by Louise Ireland-Frey, M.D., C.C.Ht.
No stranger to members of APRT or the readers of JRT, Dr. Ireland-Frey is a physician, well schooled in the rigors of scientific research. It is, therefore, doubly interesting for a person of her background and training to undertake an exploration of this topic. In a recent letter to the Editor, she addressed this, writing, “The trouble—and the fascination—is that the farther we go into the metaphysical and mystical realms, the more questions we come face to face with and the more shaky some of our firm old theories become.” She expects some skepticism. So do we. One of the purposes of JRT is to present new ideas and alternative approaches to inform and, hopefully, stimulate our readers.
It is not surprising that even among members of such a group as the APRT, acquainted with mystical and metaphysical ideas and methods, the subject of obsession of human beings by non-human entities is controversial. This division in thinking is due in large part, I believe, to the backgrounds of the various members. Most are therapists with education from the mainstream of Academia, with the vocabulary of modern psychology and with the concepts that stem from Freud, Adler, and especially Jung. Some of us, however, reading Jung’s autobiographical book, Memories, Dreams, Reflections, may have come upon some statements or suppositions that cause us to murmur, “Oh, that isn’t quite the way it is. My experience has found that…” Yet most of our concepts are still the concepts of orthodox current psychological teaching.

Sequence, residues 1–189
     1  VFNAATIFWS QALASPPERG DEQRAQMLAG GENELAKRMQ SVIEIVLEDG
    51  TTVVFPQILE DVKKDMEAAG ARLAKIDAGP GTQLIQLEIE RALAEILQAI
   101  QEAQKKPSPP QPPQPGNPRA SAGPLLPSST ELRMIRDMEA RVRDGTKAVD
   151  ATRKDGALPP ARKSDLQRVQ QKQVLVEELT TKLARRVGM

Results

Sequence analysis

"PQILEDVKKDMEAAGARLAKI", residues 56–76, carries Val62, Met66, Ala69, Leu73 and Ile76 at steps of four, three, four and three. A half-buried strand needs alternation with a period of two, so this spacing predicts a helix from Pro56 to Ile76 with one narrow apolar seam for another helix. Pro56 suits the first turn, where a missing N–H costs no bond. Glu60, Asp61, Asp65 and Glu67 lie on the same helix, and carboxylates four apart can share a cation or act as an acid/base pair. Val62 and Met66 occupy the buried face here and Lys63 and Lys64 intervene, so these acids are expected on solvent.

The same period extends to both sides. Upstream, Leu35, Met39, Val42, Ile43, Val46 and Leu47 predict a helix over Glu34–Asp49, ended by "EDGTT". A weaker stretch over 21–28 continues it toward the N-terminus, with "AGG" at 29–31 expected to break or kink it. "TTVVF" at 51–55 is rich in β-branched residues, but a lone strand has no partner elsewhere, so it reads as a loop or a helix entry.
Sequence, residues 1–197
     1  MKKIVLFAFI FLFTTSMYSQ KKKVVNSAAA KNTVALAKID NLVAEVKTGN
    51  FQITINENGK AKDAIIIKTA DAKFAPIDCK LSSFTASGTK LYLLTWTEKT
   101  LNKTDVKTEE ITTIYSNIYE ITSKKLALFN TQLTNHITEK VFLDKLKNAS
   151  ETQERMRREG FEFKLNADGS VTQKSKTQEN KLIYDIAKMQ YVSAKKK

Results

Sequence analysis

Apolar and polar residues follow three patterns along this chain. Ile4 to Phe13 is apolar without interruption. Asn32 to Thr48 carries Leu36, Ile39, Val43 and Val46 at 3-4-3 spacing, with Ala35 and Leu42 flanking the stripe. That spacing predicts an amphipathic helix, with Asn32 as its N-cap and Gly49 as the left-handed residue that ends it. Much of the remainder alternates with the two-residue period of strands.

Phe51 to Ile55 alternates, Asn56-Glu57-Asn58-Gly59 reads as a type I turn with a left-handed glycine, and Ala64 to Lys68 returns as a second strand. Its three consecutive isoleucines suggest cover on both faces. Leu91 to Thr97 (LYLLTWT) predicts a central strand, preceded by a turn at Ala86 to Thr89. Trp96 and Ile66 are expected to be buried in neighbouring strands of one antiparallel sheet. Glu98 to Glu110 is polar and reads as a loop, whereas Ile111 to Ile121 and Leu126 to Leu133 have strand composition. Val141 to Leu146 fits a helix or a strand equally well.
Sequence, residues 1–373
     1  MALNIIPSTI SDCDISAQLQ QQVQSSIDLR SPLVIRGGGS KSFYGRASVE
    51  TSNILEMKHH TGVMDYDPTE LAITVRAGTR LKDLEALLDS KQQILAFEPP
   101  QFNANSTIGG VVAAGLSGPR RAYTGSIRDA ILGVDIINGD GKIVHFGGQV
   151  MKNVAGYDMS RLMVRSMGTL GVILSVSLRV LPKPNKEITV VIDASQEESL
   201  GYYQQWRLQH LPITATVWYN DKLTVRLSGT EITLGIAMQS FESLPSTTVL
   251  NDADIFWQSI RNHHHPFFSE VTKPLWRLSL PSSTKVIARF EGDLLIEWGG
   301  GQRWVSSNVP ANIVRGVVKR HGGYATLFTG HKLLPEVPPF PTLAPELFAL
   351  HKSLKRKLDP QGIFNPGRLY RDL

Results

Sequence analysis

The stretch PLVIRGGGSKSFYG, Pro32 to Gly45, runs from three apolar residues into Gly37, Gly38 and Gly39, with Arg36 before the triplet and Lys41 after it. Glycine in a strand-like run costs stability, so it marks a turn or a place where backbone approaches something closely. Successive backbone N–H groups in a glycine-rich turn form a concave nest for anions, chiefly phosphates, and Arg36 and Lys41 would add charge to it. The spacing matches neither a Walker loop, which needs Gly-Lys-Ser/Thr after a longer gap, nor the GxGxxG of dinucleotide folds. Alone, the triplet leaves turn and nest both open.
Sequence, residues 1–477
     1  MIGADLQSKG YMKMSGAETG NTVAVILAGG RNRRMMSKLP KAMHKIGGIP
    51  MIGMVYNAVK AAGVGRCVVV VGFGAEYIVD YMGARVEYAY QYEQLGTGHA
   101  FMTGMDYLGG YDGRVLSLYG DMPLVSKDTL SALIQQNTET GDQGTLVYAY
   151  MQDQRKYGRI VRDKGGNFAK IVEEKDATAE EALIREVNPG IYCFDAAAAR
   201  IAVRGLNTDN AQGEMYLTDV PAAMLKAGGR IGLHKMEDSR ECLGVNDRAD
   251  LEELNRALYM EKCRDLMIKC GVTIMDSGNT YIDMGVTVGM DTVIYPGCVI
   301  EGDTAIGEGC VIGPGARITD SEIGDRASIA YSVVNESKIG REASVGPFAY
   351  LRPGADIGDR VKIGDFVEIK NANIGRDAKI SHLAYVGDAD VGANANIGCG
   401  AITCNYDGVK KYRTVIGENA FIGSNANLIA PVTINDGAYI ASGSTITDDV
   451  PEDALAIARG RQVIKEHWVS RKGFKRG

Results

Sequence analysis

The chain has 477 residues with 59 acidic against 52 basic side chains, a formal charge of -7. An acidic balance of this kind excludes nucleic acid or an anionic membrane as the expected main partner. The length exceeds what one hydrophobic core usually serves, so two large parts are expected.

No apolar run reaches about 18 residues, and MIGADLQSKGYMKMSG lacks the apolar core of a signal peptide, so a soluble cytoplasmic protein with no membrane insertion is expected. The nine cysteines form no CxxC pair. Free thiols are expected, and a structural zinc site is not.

Others of us, although perhaps having some background in current psychology, have had teachers from other backgrounds, or have had training that emphasized concepts other than the “accepted” ones. Examples might be Theosophy, Catholicism, or other religious denomination, Taoist or Buddhist or Hindu teachings, etc. At present, for myself, I find it easiest and simplest to put aside my mental doubts and questions and accept at face value just what the obsessing entities say of themselves: that they are individual beings, individual consciousnesses not part of the client.